Cultural hierarchies, through which different media forms are for various reasons given higher status, can appear fixed and unbending. But far from always. One of the themes of Newman and Levine’s Legitimating Television, on which I posted below, is the way TV has sought to claim some of the higher prestige generally accorded to film or cinema – either at the level of form or content or in what might appear to be somewhat marginal phenomena such as the increasing tendency in the 1990s for TV shows to adopt some degree of ‘letterbox’ format through the creation of noticeable black bands at the top and bottom of the screen to mimic a more cinematic shape. Such has been the success of some forms of TV (although far from all) in claiming higher-than-usual status, however, that these days it’s common parlance for journalistic accounts to suggest that TV has become ‘the place to go’ for higher quality. A piece in The Guardian slipped into this simplistic rhetoric last week, suggesting, in the context of a report about the new version of Dallas that: ‘Cable has replaced movies and networks as the destination for complicated, well-written, well-acted, well-shot dramas’.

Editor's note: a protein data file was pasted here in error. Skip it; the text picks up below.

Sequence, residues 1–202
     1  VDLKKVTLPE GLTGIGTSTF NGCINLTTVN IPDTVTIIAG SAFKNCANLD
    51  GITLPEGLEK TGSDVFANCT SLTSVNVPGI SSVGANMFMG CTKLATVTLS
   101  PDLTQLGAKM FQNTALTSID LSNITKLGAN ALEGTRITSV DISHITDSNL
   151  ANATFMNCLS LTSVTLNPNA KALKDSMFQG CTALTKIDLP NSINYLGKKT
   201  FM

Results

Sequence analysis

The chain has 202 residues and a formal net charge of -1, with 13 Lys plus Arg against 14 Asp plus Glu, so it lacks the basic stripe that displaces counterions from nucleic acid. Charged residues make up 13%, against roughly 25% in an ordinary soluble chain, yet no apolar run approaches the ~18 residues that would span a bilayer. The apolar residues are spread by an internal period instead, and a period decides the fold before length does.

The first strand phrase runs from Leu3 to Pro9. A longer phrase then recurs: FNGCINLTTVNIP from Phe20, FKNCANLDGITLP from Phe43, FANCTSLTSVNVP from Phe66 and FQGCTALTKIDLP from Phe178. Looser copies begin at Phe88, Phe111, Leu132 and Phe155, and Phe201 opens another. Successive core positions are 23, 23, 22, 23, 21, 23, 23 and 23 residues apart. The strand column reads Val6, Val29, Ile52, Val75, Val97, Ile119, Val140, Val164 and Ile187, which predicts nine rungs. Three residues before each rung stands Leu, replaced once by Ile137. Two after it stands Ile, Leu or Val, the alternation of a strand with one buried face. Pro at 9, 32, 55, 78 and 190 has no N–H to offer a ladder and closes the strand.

Networks aside, is this true of ‘movies’ in general? Of course not. It’s perhaps more superficial than might be expected from The Guardian, but what’s interesting here is less the accuracy of such journalism than its status as evidence of this type of discourse when considered more broadly, something I’m thinking about these days in the context of a new project on the ‘quality’ film in contemporary Hollywood. One of the case studies I’m going to examine is The Social Network and it’s striking that one of the grounds on which ‘quality’ was ascribed to the film was the presence of Aaron Sorkin as screenwriter, bringing such credentials from his work in TV, particularly of course The West Wing. So in this case prestige in film comes at least partly from associations with the small screen. Not something that would have seemed at all usual in Hollywood in the past.